Of over 2,000 homeless, 79% are employed, 56% say high rent is primary cause
Today the Homeless Leadership Council announced the results of its annual point- in-time homeless count, which was conducted on January 25, 2007. The surveys showed that in Central Oregon there was an eight percent increase in self-identified homeless households who reported being unable to afford rent. In addition, 79 percent of homeless households reported that they were employed. Results of the surveys can be found at the Homeless Leadership Council website.
The ‘point in time’ homeless count provides a snapshot of Central Oregon’s homeless population. This year there were 2010 self identifying homeless individuals and the majority were families with children. While it is not a comprehensive count, it provides valuable information to those serving the homeless, helps to educate the public about the growing issue of homelessness in our region and helps direct public policy planning and development.
Homeless households overwhelmingly identified affordable rent as the leading cause of homelessness. Of the households surveyed, 56 percent reported they were homeless because they couldn’t afford rent and 79 percent reported they had employment. This represented an 8 percent increase from households surveyed in 2006.
“The increase in homelessness for both families and children in Deschutes County emphasizes the real need for emergency shelter, transitional housing, affordable housing and permanent supportive housing,” said Liz Hitt, Co-Chair of the Homeless Leadership Council. “On the day of our count, there was only shelter for 15 percent of the homeless people of our community. We must do more to provide support for these families.”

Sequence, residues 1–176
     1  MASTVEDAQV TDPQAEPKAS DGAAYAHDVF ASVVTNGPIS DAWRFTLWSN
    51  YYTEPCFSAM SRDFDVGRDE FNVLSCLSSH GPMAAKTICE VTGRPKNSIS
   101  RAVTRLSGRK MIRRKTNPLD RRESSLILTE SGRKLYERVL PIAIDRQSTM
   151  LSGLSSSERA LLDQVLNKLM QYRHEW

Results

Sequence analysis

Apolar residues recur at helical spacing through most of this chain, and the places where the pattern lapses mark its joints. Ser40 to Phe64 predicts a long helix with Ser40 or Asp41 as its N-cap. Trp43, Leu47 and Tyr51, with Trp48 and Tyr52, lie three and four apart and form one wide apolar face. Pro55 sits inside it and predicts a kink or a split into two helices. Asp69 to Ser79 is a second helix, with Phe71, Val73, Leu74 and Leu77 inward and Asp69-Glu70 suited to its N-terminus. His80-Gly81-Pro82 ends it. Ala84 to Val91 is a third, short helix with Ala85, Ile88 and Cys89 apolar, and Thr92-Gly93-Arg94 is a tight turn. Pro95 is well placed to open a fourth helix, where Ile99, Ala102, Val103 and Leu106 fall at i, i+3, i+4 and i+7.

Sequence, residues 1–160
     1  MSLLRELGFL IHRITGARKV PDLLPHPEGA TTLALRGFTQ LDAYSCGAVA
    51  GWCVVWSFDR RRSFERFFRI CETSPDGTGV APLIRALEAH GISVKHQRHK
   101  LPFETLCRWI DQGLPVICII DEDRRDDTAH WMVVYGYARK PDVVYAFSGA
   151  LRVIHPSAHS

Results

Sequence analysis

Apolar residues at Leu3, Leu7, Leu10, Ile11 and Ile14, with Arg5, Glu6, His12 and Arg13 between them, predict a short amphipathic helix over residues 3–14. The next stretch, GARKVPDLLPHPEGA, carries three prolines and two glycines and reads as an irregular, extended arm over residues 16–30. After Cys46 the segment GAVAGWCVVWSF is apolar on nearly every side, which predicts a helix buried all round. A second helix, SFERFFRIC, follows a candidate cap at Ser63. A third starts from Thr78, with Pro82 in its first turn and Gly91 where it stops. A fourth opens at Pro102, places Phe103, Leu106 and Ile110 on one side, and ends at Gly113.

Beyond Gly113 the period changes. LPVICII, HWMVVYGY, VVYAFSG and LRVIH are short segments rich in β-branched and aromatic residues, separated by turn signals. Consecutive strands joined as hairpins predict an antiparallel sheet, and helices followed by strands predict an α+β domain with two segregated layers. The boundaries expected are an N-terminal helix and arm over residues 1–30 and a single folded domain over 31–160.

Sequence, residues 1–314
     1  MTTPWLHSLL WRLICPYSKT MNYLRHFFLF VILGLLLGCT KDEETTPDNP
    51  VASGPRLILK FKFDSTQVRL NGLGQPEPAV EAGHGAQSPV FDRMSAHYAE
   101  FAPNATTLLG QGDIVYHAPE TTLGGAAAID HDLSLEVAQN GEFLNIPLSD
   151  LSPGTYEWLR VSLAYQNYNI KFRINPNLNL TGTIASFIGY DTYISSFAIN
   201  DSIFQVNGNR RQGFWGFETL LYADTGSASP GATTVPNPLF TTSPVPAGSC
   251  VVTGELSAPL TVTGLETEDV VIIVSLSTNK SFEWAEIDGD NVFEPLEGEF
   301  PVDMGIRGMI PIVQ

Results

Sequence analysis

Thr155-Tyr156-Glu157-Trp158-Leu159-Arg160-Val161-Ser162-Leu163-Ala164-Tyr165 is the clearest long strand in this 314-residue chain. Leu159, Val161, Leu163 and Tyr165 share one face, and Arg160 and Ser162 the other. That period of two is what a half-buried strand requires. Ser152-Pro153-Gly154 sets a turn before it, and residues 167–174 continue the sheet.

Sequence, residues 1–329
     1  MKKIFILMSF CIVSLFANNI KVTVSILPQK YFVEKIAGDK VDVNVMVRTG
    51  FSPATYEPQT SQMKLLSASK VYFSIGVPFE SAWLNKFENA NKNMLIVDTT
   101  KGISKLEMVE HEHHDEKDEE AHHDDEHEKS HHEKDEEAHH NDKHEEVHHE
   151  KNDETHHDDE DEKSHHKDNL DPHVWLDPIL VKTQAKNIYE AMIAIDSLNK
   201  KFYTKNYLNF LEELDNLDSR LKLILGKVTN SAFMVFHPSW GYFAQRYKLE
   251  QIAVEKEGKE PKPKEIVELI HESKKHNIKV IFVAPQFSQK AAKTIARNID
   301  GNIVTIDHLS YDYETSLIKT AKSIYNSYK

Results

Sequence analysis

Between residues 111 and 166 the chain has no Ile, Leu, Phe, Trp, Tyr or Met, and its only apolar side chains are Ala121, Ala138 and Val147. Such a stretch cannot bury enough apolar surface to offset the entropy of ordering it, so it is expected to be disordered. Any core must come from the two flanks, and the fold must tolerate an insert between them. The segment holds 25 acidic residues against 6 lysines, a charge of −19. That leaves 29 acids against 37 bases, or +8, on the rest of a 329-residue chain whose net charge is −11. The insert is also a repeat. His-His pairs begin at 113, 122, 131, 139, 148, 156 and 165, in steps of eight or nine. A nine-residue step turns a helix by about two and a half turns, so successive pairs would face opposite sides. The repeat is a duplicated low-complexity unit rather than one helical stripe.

The Homeless Leadership Council highlighted that the majority of homeless in our area are families – they accounted for 78 percent of the homeless in the tri-county region. In Deschutes County, 80 percent of the homeless were families. Overall there were 712 children counted, which made 37 percent of the homeless population in the tri-counties.
During the count, volunteers met a man that came to Central Oregon in late December after hitchhiking across country. He’d grown-up in Oregon and returned after encountering numerous struggles. A veteran who lost his wife and children in a tragic accident, the man was injured on the job and as a result could not keep up with his debts. In an attempt to find employment he traveled to the Midwest, where he was assaulted. He decided it was time to return to Oregon and ended up at a local shelter. In February, after a two month stay, he moved to Southern, Oregon, after finding a job that also provided him with housing.
Volunteers also counted a 61-year-old disabled woman. She lost her mobile home in Bend and found herself homeless after she could no longer stay with family. In late January, she received a housing voucher, and is on the move to her new apartment.
“These individual’s stories help show us what transitional shelter and services can do,” said Corky Senecal, Housing and Emergency Services Director at NeighborImpact. “Only through supportive programming and affordable housing solutions are we going to solve the problem of homelessness in the tri-county area.”